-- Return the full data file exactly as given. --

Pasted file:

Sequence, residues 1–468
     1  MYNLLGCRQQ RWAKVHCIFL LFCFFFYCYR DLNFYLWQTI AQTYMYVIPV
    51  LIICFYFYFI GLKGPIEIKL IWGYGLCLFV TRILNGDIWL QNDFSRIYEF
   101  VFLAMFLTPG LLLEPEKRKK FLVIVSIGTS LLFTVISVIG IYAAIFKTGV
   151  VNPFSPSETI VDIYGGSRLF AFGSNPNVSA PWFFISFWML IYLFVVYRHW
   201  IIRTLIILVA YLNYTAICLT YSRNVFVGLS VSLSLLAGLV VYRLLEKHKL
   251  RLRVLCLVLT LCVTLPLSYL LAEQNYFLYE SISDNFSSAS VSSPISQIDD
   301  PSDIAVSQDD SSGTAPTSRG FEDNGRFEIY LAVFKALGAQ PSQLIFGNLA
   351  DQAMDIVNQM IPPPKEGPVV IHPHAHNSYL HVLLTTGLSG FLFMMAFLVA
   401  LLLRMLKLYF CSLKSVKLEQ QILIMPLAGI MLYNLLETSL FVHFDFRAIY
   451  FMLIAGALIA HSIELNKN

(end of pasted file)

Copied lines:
Sequence, residues 1–468
     1  MYNLLGCRQQ RWAKVHCIFL LFCFFFYCYR DLNFYLWQTI AQTYMYVIPV
    51  LIICFYFYFI GLKGPIEIKL IWGYGLCLFV TRILNGDIWL QNDFSRIYEF
   101  VFLAMFLTPG LLLEPEKRKK FLVIVSIGTS LLFTVISVIG IYAAIFKTGV
   151  VNPFSPSETI VDIYGGSRLF AFGSNPNVSA PWFFISFWML IYLFVVYRHW
   201  IIRTLIILVA YLNYTAICLT YSRNVFVGLS VSLSLLAGLV VYRLLEKHKL
   251  RLRVLCLVLT LCVTLPLSYL LAEQNYFLYE SISDNFSSAS VSSPISQIDD
   301  PSDIAVSQDD SSGTAPTSRG FEDNGRFEIY LAVFKALGAQ PSQLIFGNLA
   351  DQAMDIVNQM IPPPKEGPVV IHPHAHNSYL HVLLTTGLSG FLFMMAFLVA
   401  LLLRMLKLYF CSLKSVKLEQ QILIMPLAGI MLYNLLETSL FVHFDFRAIY
   451  FMLIAGALIA HSIELNKN